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"Ellos no pudieron dormir."

Translation:They were not able to sleep.

1
5 years ago

29 Comments


https://www.duolingo.com/salsabandit

what's the differenc betwen "they were niot able..." and "they were unable..." none so far as i can tell

11
Reply4 years ago

https://www.duolingo.com/Christophe2068

In English there is no difference between "unable" and "not able,"

18
Reply4 years ago

https://www.duolingo.com/AurosHarman

"To be (un)able" is often acceptable as a translation of "(no) poder", but it's not really the best. "Ser (in)capaz" is a more precise match to that English expression. Forms of "can" (including "could") are generally better for "poder".

17
Reply4 years ago

https://www.duolingo.com/Talca
Talca
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Why do these sentences jump between the conditional and the pretérito? Is DL trying to teach the modal verb in different tenses in one lesson? If so, it's a great idea. Because poder is such an irregular verb, this is a great exercise in trying to remember which is POD and which is PUD--and the subjunctive PUE...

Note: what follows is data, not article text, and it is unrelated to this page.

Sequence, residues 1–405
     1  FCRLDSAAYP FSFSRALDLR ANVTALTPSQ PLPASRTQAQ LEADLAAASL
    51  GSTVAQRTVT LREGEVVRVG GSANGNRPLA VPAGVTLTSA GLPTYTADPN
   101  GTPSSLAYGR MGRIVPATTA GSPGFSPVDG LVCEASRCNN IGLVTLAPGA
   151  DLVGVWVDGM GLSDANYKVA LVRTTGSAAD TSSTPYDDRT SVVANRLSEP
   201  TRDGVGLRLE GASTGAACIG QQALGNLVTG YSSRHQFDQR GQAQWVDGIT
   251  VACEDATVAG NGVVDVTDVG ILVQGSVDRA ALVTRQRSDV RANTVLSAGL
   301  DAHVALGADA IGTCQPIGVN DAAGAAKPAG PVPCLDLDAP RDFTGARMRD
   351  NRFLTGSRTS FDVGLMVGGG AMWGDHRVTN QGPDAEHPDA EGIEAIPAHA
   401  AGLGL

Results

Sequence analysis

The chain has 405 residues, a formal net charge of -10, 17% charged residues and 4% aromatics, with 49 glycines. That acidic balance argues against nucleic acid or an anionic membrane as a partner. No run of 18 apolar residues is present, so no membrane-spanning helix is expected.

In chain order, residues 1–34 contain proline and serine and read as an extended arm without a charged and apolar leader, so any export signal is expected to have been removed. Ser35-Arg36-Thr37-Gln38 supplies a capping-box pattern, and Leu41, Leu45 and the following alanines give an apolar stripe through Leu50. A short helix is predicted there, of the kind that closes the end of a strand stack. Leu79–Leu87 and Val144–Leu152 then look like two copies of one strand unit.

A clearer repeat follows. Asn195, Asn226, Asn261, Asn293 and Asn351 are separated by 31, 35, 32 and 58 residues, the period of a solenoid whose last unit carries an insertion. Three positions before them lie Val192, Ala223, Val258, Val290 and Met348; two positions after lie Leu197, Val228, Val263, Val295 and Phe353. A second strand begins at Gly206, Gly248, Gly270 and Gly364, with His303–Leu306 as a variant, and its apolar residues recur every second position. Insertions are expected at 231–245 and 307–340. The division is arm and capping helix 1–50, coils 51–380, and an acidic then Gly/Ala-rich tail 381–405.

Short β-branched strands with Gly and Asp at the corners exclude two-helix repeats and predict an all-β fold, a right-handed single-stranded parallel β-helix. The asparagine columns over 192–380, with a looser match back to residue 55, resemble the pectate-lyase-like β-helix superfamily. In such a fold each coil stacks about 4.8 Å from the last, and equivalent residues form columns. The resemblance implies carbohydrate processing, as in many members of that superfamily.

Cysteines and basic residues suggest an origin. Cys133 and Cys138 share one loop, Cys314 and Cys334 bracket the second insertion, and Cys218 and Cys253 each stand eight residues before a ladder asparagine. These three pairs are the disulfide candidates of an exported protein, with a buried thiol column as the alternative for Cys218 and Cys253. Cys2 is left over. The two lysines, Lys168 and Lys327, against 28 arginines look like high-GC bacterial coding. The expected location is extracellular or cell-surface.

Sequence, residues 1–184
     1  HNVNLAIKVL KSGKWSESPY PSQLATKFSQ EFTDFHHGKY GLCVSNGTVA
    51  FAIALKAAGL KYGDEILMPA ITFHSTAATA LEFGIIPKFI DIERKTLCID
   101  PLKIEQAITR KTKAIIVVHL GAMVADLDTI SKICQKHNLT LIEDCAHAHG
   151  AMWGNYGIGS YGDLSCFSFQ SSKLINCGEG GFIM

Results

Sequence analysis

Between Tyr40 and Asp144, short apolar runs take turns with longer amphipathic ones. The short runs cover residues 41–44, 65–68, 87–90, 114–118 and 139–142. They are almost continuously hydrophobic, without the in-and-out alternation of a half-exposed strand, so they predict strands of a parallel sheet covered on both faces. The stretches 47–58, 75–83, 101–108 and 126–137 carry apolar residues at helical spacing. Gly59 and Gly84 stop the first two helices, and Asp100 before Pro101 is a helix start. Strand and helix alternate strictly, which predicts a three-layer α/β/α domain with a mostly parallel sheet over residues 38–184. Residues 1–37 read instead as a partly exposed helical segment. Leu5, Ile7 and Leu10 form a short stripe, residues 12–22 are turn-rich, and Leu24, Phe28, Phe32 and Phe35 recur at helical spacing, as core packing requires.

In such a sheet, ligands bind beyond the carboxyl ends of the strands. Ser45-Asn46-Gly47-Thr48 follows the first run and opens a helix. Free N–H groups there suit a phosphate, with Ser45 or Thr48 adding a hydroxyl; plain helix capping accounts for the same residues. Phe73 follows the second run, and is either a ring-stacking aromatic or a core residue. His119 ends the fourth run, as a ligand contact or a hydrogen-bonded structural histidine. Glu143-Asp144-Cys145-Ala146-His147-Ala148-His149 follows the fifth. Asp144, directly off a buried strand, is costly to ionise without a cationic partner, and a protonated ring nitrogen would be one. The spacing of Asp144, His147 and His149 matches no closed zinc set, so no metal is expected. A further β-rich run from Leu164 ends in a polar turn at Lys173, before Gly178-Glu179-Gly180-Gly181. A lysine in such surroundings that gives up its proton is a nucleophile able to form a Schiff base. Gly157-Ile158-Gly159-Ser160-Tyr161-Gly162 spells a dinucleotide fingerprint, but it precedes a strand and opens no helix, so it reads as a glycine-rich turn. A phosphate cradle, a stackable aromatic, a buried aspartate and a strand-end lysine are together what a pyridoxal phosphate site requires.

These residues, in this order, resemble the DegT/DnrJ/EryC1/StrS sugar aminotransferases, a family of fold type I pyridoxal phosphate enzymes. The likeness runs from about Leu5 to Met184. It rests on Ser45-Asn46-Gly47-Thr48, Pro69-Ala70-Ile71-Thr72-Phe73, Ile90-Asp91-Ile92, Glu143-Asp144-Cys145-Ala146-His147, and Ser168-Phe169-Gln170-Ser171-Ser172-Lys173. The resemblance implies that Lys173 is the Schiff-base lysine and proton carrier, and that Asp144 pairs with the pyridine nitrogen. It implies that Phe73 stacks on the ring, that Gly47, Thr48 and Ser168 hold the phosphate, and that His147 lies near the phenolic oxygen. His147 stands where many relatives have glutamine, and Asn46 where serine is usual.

6
Reply3 years ago

https://www.duolingo.com/elissaf1
elissaf1
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The section I'm in is the modal verbs. My last sentence had 'could' (which was an conditional) and this has 'could not' (which turned it into preterit).

You can design a negative conditional sentence, but I think since the topic isn't conditional, but modals, I think the verb itself forces the change in tense (rather than some plan on the part of the designers).

4
Reply2 years ago

https://www.duolingo.com/AurosHarman

When I come back to look at the comments, from the notice of your reply, it doesn't actually tell me what lesson it was part of. But it's definitely true that there's a lesson about the modals as a class, across all tenses. https://www.duolingo.com/skill/es/Verbs:-Modal

2
Reply3 years ago

https://www.duolingo.com/Jeffrey855877
Jeffrey855877
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In English, being unable or not able to do something (same difference) covers both a lack of capacity to do something (lack of knowledge, training, etc.) which is a personal, intrinsic want of ability, AND the inability to do something because of forces beyond one's control, such as a flat tire making you unable to get some place on time. Thus, lacking capacity is only one aspect of being "unable" to do something.

The question then is: Does ser (in)capaz include being incapacitated by things beyond your control (the flat tire), or does it simply mean you're just not up to doing something because of a personal lacking of ability?